The young woman spent the next two years as a freelance journalist before going to work at Associated Press in 2010 as Asia interactive producer. “I was in charge of all the countries between Japan and India and my job was to tell visual stories, put together the big pieces of the day—be it flooding in India, riots in Australia or a general election in Japan—and post them online,” she explains. However, after three years of editing other people’s work she found she longed to be back in the field herself. “I missed shooting and processing my own film and pictures so I went back to freelancing and started my own company, 2050 Productions.” Soon she was providing short news stories to National Geographic, the Wall Street Journal and the New York Times among others. She laughs, “I often edited the stories myself and they just kept getting longer and longer. So I ended up doing more on-camera and investigative stories for a programme called 101 East on Al Jazeera, documenting hard-hitting issues ranging from women’s rights and feminists in Korea to Myanmar’s political prisoners.”

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With more than a decade’s worth of experience in journalism, the 38-year-old Pailin has also earned a name for herself as an award-winning documentary filmmaker. Her biggest triumph to date in the genre came about after she tagged along with her husband on one of his interviews. “Patrick is also a journalist and he’d heard about a family who had cryo-preserved their lost child. Their story had gone viral on Thai TV and he asked me if I wanted to come along to his interview with them, maybe help translate any technical or scientific terms he might not know. He spent an hour interviewing them and I ended up spending two-and-a-half years with them,” she chuckles.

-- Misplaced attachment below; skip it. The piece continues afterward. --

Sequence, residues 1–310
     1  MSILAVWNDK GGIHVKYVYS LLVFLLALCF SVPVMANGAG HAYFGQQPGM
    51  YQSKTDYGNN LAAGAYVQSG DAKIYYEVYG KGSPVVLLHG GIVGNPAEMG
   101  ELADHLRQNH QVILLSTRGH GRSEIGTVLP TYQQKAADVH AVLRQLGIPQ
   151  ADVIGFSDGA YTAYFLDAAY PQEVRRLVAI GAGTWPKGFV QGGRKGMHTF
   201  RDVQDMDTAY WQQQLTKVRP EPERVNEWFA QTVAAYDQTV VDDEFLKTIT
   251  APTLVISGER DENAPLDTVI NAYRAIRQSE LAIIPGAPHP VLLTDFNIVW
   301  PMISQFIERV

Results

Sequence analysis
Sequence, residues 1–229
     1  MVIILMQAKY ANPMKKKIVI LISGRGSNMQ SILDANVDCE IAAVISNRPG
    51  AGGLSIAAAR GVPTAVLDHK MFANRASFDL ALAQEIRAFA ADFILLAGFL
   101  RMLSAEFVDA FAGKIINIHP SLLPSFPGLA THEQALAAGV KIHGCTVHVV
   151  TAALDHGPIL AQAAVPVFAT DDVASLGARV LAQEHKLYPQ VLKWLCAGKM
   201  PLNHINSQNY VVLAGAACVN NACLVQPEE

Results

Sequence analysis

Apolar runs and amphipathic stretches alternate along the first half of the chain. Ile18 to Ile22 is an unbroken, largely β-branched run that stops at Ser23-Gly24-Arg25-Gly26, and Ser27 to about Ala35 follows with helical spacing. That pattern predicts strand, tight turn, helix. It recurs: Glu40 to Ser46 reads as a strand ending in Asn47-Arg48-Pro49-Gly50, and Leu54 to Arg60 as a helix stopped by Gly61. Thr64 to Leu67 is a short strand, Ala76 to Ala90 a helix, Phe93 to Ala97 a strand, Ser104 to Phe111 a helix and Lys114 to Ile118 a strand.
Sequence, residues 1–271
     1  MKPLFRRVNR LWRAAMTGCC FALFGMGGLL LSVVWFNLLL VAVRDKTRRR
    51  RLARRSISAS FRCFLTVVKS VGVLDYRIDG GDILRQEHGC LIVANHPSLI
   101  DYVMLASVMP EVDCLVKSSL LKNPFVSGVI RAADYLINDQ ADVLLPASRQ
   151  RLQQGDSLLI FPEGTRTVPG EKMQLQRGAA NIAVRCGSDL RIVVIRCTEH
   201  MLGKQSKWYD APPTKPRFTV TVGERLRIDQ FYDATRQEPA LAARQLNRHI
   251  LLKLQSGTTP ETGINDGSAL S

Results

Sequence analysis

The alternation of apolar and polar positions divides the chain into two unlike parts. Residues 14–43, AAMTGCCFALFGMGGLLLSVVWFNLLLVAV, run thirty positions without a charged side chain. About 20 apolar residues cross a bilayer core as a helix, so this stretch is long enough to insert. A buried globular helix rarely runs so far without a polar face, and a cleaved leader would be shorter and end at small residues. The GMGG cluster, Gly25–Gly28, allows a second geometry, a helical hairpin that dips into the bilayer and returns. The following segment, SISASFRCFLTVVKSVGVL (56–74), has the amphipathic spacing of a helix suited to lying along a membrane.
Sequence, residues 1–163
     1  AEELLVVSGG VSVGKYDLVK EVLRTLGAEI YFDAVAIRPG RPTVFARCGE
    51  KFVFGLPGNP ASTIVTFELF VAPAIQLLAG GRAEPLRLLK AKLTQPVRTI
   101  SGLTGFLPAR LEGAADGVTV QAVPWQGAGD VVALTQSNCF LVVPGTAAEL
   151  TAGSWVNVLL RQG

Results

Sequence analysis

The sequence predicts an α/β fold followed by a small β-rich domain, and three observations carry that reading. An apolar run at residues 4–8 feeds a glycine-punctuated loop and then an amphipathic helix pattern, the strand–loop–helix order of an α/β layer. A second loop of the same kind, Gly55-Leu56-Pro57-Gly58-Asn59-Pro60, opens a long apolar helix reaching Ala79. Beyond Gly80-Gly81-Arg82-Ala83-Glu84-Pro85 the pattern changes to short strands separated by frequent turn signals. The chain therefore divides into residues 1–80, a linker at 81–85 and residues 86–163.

Meeting the Naovaratpong family raised searching questions for Pailin. “Our conversations were long and deep—we talked about life and how technology is redefining it and the way we see death. We talked about their love for their departed child and their Buddhist faith. I just kept wanting to come back and ask them more questions,” she says. With the family’s blessing she brought in her director of photography, Mark Dobbin, to record these intimate conversations and other moments with the family. “For two years Mark worked for free and in the end we had enough for a 79-minute film.”

All the while Pailin was pursuing the protracted process of securing funding to finish the piece and after seven pitches and more than 14 grant applications it won a Whicker’s World Foundation funding award in 2017, which paid for much of the production. Hope Frozen premiered at the Hot Docs Canadian International Documentary Festival in 2019, winning Best International Feature Documentary, which also earned it Oscar nomination interest. While the film wasn’t picked by the Academy in the end, it nevertheless attracted the attention of entertainment giant Netflix. The lady smiles at the memory. “Just having the film win funding in the first place…and then a respected award…and then making it onto Netflix…it was beyond my wildest imaginings.”

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Since those spectacular high points Pailin has returned to focusing on her journalism but admits she is also in the research phase for another feature length film. “The thing about them is that they have to have multiple layers and characters that really touch the audience. You simply don’t run across interesting people with a powerful story to tell every day, especially in times like these. I can’t go find the stories at the moment, so I read and read and hope that the stories find me.”

See also: Director Of 'The Cave' Says It's The Most Difficult Movie He Has Ever Made